Background Obesity is associated with an increased risk for many disorders, impaired functional capacity, and impaired quality of life (QoL).
Objectives The aim of the present study was to evaluate the prevalence of obesity and the relation to clinical assessments of disease activity, physical function, and QoL in patients with axial spondyloarthritis (SpA).
Methods 465 consecutive patients from the Groningen Leeuwarden Axial SpA (GLAS) cohort who visited the outpatient clinic between January 2011 and December 2012 were included in this cross-sectional analysis. All patients fulfilled the modified New York criteria for ankylosing spondylitis (AS; >90%) or the ASAS criteria for axial SpA. Body mass index (BMI) was calculated and patients were divided into groups according to the WHO criteria: low BMI (BMI <18.5 kg/m2), normal BMI (BMI 18.5-25 kg/m2), overweight (BMI 25-30 kg/m2), and obesity (BMI >30 kg/m2). BMI was compared with the LifeLines cohort, a three generation population-based longitudinal cohort study in the North of the Netherlands.
Disease activity was assessed by Bath AS Disease Activity Index (BASDAI), AS Disease Activity Score (ASDAS), and C-reactive protein (CRP), physical function by Bath AS Functional Index (BASFI), and quality of life by ASQoL questionnaire.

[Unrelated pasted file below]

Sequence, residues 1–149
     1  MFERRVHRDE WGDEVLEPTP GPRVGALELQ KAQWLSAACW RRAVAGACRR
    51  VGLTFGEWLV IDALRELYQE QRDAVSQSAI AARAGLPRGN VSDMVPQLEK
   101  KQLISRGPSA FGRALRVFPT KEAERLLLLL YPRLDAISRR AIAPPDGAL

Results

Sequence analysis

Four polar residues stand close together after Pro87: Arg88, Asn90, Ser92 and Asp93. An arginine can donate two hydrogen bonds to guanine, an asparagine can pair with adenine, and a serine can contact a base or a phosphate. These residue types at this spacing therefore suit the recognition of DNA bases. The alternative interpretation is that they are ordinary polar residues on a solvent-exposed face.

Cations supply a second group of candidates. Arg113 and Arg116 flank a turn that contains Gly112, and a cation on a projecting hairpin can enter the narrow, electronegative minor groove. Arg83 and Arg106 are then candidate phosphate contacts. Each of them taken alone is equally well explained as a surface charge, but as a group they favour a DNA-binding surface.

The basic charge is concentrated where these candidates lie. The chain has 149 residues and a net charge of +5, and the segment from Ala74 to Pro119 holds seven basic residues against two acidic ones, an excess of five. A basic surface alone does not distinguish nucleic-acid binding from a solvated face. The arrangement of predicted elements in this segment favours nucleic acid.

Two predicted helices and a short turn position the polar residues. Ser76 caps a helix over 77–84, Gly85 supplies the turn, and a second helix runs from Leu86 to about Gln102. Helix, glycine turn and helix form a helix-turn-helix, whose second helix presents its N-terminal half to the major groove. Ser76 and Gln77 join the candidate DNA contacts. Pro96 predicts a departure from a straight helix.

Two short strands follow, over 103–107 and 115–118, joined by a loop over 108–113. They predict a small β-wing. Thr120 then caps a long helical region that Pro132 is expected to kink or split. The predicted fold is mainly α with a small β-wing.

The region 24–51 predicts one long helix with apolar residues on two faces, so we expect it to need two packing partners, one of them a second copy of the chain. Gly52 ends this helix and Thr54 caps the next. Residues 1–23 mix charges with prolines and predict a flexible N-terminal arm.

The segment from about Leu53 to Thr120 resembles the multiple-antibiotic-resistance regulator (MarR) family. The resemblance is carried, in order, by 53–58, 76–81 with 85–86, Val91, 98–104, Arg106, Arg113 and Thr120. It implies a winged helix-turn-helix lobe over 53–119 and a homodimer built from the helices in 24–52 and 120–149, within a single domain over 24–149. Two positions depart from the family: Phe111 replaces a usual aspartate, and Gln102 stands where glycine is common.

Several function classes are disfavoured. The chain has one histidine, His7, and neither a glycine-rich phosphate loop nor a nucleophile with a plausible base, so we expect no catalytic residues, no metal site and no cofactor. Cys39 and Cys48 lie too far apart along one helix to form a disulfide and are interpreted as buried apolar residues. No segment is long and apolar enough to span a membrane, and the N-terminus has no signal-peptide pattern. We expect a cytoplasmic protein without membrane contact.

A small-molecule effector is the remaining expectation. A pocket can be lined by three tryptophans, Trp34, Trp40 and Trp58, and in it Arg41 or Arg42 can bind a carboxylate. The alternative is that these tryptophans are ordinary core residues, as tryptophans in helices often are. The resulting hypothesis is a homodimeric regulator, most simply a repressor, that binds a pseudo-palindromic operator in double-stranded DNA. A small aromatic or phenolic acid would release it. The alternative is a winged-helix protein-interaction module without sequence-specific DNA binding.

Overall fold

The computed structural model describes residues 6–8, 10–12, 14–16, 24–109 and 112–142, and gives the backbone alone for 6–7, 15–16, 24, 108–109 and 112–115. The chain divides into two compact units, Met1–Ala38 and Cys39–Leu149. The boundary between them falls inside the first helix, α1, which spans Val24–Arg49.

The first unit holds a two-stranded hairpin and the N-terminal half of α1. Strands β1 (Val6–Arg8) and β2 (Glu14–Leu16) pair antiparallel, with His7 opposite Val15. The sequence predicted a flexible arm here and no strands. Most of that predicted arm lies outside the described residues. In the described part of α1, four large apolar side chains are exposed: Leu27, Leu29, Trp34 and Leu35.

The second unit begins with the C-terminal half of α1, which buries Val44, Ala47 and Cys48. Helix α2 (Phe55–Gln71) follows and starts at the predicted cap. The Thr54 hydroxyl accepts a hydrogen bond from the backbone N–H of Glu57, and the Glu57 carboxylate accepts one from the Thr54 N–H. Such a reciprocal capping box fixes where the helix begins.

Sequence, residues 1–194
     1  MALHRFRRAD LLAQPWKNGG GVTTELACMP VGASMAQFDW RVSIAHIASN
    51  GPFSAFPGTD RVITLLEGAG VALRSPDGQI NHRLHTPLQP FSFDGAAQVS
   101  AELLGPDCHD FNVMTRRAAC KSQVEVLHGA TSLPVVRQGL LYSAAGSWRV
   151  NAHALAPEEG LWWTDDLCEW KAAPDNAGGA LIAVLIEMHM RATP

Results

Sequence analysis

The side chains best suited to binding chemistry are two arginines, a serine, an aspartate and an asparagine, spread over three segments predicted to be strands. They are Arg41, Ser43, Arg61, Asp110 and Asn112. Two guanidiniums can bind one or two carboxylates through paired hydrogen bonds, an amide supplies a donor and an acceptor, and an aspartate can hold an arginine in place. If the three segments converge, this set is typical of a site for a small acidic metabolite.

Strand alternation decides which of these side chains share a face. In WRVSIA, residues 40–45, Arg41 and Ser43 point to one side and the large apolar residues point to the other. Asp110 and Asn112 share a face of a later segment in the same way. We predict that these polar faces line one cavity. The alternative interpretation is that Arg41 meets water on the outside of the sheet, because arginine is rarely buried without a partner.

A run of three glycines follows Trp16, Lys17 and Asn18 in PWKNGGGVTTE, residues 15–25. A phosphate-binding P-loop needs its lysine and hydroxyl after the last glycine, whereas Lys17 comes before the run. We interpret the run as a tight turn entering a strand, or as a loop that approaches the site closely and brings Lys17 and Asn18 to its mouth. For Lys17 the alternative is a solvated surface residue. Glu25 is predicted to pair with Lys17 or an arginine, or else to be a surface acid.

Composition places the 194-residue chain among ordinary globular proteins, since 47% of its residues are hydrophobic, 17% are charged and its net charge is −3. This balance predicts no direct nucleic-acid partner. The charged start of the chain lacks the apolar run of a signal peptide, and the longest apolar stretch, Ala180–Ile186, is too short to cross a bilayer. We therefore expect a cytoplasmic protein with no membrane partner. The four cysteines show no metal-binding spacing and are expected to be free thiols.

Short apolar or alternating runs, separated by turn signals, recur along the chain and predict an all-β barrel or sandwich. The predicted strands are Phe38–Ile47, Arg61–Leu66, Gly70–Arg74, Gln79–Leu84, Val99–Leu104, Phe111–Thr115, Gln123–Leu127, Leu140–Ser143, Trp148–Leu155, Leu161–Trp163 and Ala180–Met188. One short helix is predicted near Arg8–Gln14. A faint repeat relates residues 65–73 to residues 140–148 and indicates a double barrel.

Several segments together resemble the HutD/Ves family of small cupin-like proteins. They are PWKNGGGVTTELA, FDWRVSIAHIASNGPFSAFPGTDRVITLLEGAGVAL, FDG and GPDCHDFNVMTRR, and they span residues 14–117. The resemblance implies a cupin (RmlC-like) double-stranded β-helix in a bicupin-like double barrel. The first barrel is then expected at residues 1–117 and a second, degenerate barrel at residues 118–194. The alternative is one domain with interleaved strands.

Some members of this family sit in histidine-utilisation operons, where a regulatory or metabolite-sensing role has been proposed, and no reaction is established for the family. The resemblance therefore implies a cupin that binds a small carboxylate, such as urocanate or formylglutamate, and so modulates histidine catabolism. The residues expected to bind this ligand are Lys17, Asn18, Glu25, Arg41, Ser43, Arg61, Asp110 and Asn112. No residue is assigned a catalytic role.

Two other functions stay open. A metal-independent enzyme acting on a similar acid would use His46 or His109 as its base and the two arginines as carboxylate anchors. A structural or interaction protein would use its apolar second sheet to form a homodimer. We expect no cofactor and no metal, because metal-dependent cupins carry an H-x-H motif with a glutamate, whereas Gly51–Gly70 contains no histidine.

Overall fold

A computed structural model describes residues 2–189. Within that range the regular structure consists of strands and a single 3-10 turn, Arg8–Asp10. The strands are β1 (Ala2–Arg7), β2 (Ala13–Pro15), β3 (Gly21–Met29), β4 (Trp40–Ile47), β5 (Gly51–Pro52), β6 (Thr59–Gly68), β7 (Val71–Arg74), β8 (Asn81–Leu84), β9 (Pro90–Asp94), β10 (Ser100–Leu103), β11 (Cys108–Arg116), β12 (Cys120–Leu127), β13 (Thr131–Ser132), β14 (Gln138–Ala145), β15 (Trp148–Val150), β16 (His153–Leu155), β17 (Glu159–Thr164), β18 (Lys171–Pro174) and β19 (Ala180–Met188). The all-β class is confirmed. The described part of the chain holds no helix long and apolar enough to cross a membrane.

Results Mean age of the 465 patients was 45 years (SD ±13), median symptom duration was 17 years (range 0-61), 65% were male, and median BMI was 26.0 kg/m2 (range 17.0-45.4). In total, 8 (2%) patients had low BMI, 183 (39%) had normal BMI, 174 (37%) were overweight, and 100 (22%) were obese. Of the 100 obese patients, 19 had BMI between 35-40 kg/m2 and 3 had BMI >40 kg/m2. In comparison, the LifeLines population (n=136577) had an estimated prevalence of 1% low BMI, 42% normal BMI, 43% overweight, and 15% obesity.
Obese axial SpA patients were significantly older, had longer disease duration, and more comorbidity than patients with normal BMI. Disease activity of obese patients was significantly higher and physical function and QoL were significantly worse compared to patients with normal BMI (Table 1). These differences remained statistically significant after correcting for age, disease duration, and comorbidity.
Conclusions This cross-sectional analysis shows a high prevalence of obesity in a large cohort of axial SpA patients. The presence of obesity was associated with higher disease activity and worse physical function and QoL.
Acknowledgements The GLAS cohort was supported by an unrestricted grant from Pfizer. Pfizer had no role in the design, conduct, interpretation, or publication of this study.
Disclosure of Interest : None declared